In denying a petition for rehearing en banc, two of eleven judges of the Eighth Circuit question when pretext can be raised. Saunders v. Thies, 2022 U.S. App. LEXIS 25527 (8th Cir. Sep. 12, 2022), Grasz and Smith dissenting from the denial:
Because I believe this case presents important issues that should be addressed by the court sitting en banc, I would grant the petition for rehearing.
One issue is the applicable standard for equal protection claims alleging selective law enforcement based on race. When the district court granted summary judgment to the defendants on the plaintiff’s equal protection claims alleging racially discriminatory law enforcement it did so by relying on and applying a test that requires the challenged enforcement action to have been undertaken “solely on the basis of race.” I question whether this is an erroneous standard. Long before Clark v. Clark, 926 F.3d 972 (8th Cir. 2019) and Gilani v. Matthews, 843 F.3d 342 (8th Cir. 2016), this court held that claimants must only show the challenged enforcement action was “motivated by a discriminatory purpose.” United States v. Bell, 86 F.3d 820, 823 (8th Cir. 1996). See also Johnson v. Crooks, 326 F.3d 995, 1000 (8th Cir. 2003); United States v Brown, 9 F.3d 1374, 1376 (8th Cir. 1993). Not only does this test pre-date the more recent formulation, but it seems to be consistent with Supreme Court precedent. See Village of Arlington Heights v. Metro. Hous. Dev. Corp., 429 U.S. 252, 266, 97 S. Ct. 555, 50 L. Ed. 2d 450 (1977); United States v Armstrong, 517 U.S. 456, 465, 116 S. Ct. 1480, 134 L. Ed. 2d 687 (1996).
The formulation of the applicable standard is of material importance to claimants. The difference between “solely on the basis of race” and “motivated by” race could be game-changing. When it comes to qualified immunity analysis, the first prong of the analysis requires identification of a constitutional violation and the second entails a determination of whether the right alleged to have been violated is “clearly established.” If race must be the “sole” basis of allegedly discriminatory law enforcement, an equal protection claim will rarely ever succeed. As in a Fourth Amendment unreasonable seizure claim, all that a rogue officer motivated by race would need to do is identify some other objectively sufficient justification for a stop—perhaps a small crack in a windshield or a defective license plate light bulb. See United States v. Benitez, 613 F. Supp. 2d 1099, 1101 (S.D. Iowa 2009) (“[E]ven if the decision to initiate a traffic stop was based upon a defendant’s race, no Fourth Amendment violation has occurred so long as probable cause existed for the stop.”). The “sole basis” test would appear to improperly morph equal protection analysis into something akin to Fourth Amendment review.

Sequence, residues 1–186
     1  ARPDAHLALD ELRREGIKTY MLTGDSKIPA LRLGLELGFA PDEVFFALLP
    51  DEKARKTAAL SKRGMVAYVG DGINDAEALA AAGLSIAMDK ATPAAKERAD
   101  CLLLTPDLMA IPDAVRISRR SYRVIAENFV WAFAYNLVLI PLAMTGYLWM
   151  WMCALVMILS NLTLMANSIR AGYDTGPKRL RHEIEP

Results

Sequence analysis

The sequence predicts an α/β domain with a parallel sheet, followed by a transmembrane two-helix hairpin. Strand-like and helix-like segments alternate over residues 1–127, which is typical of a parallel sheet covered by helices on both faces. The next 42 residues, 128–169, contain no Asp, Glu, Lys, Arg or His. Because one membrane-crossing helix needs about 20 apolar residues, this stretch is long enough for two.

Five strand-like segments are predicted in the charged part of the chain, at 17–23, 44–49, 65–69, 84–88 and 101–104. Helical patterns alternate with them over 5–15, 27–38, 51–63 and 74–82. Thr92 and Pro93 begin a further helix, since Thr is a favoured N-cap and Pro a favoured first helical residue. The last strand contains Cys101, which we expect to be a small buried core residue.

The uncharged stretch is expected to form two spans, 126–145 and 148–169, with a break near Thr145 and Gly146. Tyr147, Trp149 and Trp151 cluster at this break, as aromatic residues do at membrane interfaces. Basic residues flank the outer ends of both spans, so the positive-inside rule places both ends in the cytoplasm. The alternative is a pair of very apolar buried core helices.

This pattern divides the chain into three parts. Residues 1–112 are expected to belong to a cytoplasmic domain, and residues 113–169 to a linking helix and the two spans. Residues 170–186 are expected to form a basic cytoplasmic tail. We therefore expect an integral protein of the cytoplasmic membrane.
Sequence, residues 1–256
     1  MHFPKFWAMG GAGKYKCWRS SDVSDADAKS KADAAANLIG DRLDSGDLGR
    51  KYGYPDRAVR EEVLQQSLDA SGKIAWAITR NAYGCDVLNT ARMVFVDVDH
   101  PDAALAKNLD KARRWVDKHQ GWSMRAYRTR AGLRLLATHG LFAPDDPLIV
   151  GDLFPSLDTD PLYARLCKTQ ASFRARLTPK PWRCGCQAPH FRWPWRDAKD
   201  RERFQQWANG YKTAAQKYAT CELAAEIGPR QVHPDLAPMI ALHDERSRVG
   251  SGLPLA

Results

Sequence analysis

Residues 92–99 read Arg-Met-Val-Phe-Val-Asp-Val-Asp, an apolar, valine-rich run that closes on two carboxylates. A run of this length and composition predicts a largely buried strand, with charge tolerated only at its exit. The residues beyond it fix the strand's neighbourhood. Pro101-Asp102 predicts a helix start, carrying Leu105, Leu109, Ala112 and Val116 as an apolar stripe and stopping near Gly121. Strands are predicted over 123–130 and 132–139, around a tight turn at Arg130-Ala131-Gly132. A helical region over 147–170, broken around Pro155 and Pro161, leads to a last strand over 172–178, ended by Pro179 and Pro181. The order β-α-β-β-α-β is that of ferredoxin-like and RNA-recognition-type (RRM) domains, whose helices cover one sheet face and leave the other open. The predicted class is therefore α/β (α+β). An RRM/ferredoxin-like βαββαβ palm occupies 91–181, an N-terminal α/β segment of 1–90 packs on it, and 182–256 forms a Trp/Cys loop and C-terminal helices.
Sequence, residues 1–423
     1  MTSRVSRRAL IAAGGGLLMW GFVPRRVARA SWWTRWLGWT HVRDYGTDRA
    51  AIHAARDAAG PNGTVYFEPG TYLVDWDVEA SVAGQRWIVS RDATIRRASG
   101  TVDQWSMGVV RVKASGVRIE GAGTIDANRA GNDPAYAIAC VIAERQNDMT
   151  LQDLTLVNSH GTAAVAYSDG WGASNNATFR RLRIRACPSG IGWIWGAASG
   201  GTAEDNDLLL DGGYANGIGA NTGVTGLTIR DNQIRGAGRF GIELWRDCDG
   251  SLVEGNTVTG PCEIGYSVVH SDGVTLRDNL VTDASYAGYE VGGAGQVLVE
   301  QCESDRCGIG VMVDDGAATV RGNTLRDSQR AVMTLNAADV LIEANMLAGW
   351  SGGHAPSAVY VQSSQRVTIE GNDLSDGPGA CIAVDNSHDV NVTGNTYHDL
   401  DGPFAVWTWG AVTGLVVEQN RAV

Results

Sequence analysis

The question may be asked whether this is the ideal case in which to address this long-festering issue. Maybe not. But if not now, when? This uncertainly has gone unaddressed by our court for far too long, leaving both the public and the district courts to guess what the law is. Some might also point out this has all-to-familiar consequences for the second prong of qualified immunity analysis. How can the law ever be clearly established if we refuse to clarify the correct legal standard? From the public’s perspective this may produce a cynical perception that the law is a “heads I lose, tails you win” game. This has a necrotizing effect on the rule of law. Our court should give no credence to the notion that—however rare—selective enforcement of the law for “driving while black” is in any way tolerated or systematically protected by qualified immunity.
Perhaps there is some very reasonable response to all this. If so, I say that is all the more reason the case should be re-heard and the issues resolved in a reported en banc opinion.